Since 1994, when the Greek state first officially recognised the mass persecution and uprooting of the Pontian Greeks in Turkey during the early 20th century as a genocide, May 19 has been established as Remembrance Day for the Genocide of the Greeks of Pontus.
The day commemorates the systematic violence aiming at the extermination of the ethnic Greeks in Turkey approximately one century ago, during the second and third decades of the 20th century, as the old Ottoman Empire collapsed and the modern Turkish state was formed. Hundreds of thousands of Pontian Greeks were massacred and driven out of their ancestral homes at that time, fleeing a purge fuelled by a rising tide of Turkish nationalism in the previously multinational Ottoman Empire.
When the ‘new’ Turks gained power in Ottoman Thessaloniki in 1908, this sparked off what contemporary historians and scholars of this period view as “systematic” and “organised” persecution of the Christian populations of the region. These events took place at various times and in various places over the decade spanning 1913 until 1923, often in conditions of war but also during intervals of peace.
The Athens-Macedonian News Agency (ANA), in a special report on the events commemorated on May 19, talked to historian Vlasis Agtzidis and others about this time. According to Agtzidis, the precise number of those killed is very hard to calculate, given the conditions prevailing at the time:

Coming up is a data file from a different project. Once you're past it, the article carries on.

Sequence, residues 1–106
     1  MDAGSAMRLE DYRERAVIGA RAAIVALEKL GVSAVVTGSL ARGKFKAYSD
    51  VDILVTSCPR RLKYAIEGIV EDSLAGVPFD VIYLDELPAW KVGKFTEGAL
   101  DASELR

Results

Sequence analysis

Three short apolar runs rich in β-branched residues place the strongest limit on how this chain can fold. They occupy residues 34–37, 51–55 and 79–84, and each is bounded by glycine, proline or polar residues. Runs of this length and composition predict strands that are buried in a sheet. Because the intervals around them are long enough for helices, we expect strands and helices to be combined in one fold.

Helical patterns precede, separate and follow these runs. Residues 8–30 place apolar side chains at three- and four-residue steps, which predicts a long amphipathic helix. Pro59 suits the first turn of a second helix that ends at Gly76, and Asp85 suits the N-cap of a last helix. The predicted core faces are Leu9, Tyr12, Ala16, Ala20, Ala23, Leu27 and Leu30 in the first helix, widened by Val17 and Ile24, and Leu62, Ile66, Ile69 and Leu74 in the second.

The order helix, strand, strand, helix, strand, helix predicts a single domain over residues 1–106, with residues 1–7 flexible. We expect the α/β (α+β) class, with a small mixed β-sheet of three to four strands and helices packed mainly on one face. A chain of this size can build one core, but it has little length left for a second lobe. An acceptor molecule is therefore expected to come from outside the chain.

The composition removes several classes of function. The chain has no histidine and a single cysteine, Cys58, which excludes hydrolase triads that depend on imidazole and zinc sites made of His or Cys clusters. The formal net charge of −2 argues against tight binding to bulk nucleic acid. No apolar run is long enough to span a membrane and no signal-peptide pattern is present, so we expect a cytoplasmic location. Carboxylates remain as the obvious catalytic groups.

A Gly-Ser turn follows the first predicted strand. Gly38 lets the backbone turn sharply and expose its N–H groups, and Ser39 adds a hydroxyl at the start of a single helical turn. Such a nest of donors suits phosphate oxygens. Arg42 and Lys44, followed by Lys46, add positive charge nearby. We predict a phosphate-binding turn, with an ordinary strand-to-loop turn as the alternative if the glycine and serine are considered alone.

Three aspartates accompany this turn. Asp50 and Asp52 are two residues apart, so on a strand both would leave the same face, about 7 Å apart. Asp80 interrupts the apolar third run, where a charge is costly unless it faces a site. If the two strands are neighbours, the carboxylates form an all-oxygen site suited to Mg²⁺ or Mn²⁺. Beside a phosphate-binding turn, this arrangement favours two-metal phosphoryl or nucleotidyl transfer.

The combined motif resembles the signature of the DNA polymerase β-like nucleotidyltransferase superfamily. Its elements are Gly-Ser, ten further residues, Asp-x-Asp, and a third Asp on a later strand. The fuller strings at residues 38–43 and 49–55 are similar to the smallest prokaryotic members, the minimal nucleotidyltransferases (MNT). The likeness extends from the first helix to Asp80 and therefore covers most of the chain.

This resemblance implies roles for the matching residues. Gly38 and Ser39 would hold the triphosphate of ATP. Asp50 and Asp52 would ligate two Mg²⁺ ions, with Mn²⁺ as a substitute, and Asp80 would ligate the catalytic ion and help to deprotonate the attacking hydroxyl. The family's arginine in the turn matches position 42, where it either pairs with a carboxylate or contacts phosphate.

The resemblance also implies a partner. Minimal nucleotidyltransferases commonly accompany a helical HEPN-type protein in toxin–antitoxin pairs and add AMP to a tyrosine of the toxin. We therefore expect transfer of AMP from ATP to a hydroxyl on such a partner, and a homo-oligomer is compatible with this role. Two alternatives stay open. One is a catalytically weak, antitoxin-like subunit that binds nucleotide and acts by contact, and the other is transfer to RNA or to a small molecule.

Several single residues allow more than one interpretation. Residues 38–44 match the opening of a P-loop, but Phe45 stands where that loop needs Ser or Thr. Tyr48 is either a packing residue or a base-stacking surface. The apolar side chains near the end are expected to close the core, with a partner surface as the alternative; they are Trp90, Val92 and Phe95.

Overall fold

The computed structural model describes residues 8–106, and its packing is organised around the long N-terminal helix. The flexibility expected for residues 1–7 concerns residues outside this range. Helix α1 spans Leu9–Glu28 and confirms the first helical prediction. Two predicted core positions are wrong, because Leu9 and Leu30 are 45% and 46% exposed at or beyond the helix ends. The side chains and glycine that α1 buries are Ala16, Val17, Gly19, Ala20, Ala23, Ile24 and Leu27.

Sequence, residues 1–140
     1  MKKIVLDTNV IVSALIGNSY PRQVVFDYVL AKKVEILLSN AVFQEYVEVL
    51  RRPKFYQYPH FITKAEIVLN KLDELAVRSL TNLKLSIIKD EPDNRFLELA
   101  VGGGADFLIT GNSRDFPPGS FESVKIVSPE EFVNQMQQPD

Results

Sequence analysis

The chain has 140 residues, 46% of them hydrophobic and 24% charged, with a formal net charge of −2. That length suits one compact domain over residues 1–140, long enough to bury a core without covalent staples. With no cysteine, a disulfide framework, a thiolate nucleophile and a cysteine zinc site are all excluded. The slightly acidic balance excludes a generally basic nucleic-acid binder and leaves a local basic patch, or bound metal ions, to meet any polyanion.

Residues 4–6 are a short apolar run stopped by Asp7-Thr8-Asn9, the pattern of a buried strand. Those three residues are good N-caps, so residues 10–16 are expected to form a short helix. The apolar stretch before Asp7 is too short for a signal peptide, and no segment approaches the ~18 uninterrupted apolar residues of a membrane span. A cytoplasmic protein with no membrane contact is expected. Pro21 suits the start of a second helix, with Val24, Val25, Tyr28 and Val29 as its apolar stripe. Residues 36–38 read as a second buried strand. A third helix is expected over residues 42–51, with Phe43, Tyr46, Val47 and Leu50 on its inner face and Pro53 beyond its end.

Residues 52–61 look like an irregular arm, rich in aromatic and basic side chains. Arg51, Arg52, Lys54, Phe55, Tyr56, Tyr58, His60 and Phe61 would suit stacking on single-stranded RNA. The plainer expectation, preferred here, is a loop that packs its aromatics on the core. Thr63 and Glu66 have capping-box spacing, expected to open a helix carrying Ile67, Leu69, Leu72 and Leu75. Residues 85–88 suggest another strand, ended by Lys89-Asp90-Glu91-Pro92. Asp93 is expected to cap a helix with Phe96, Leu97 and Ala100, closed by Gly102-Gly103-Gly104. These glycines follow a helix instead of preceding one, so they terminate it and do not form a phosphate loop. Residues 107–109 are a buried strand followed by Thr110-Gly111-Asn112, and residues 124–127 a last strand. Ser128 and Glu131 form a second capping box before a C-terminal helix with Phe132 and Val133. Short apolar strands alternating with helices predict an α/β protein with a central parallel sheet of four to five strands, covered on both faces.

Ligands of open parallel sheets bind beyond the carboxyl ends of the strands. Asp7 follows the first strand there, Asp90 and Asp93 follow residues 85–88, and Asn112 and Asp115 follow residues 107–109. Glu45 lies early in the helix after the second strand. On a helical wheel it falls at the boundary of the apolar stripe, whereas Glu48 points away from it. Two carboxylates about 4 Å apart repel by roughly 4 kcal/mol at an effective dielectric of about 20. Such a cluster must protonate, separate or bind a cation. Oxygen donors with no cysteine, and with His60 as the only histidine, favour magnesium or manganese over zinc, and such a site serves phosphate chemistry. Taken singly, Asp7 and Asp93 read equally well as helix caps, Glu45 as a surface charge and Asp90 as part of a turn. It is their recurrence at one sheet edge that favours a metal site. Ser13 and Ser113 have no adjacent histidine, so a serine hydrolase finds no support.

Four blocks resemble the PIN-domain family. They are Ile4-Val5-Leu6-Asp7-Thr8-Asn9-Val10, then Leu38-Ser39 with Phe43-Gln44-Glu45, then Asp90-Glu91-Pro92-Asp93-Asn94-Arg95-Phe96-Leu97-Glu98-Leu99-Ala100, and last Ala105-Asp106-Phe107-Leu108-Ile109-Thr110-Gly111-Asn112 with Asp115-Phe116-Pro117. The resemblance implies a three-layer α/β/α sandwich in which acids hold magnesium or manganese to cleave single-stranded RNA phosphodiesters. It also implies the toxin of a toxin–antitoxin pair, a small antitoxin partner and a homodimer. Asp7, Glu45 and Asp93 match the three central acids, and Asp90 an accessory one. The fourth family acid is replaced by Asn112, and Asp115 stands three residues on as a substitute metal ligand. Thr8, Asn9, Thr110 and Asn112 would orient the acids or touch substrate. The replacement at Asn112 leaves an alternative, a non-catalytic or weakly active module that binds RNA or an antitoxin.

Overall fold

“Before the persecution started, there were between 2.0 and 2.2 million Greeks throughout the Ottoman Empire. Those in the Pontus region numbered about 450,000. In the official census of 1928, about 1.2 million were counted officially as refugees in Greece. It is estimated that the number of Greeks lost between 1914-22, whose fate is unknown, is in the region of 700,000-800,000 throughout the Ottoman Empire.”
The official Turkish state that succeeded the Ottoman Empire denies that there was a ‘genocide’ targeting Christians in the final years of the Empire.
“The Turkish Republic was forced in 1923, after the end of the incidents. The events and genocides were provoked by extreme Turkish nationalism…the relations of the modern Turkish state with those committing the genocides may not have been institutional but it was organic, since effectively they founded the Turkish state,” Agtzidis added.
The term ‘genocide’ was coined and included in international law much later, in 1948, to describe in legal terms the mass crimes of ruling authorities that were planned and systematically aimed to partially or completely exterminate various ethnic, racial, religious or other minorities.
The demand for the recognition of the Pontian genocide was kept down for decades but eventually gained momentum, with pressure from the survivors and their descendants in the final decades of the 20th century.